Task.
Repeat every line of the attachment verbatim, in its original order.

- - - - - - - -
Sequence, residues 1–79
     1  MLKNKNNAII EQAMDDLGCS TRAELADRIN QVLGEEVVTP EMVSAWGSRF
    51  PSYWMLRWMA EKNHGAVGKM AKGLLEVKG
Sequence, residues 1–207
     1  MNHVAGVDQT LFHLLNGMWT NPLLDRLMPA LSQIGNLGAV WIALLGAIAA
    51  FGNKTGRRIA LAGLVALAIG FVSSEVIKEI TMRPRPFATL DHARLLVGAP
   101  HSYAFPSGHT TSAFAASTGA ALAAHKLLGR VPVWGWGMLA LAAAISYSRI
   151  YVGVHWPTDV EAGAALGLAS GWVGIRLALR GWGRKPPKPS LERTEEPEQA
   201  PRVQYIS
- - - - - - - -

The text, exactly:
Sequence, residues 1–79
     1  MLKNKNNAII EQAMDDLGCS TRAELADRIN QVLGEEVVTP EMVSAWGSRF
    51  PSYWMLRWMA EKNHGAVGKM AKGLLEVKG
Sequence, residues 1–207
     1  MNHVAGVDQT LFHLLNGMWT NPLLDRLMPA LSQIGNLGAV WIALLGAIAA
    51  FGNKTGRRIA LAGLVALAIG FVSSEVIKEI TMRPRPFATL DHARLLVGAP
   101  HSYAFPSGHT TSAFAASTGA ALAAHKLLGR VPVWGWGMLA LAAAISYSRI
   151  YVGVHWPTDV EAGAALGLAS GWVGIRLALR GWGRKPPKPS LERTEEPEQA
   201  PRVQYIS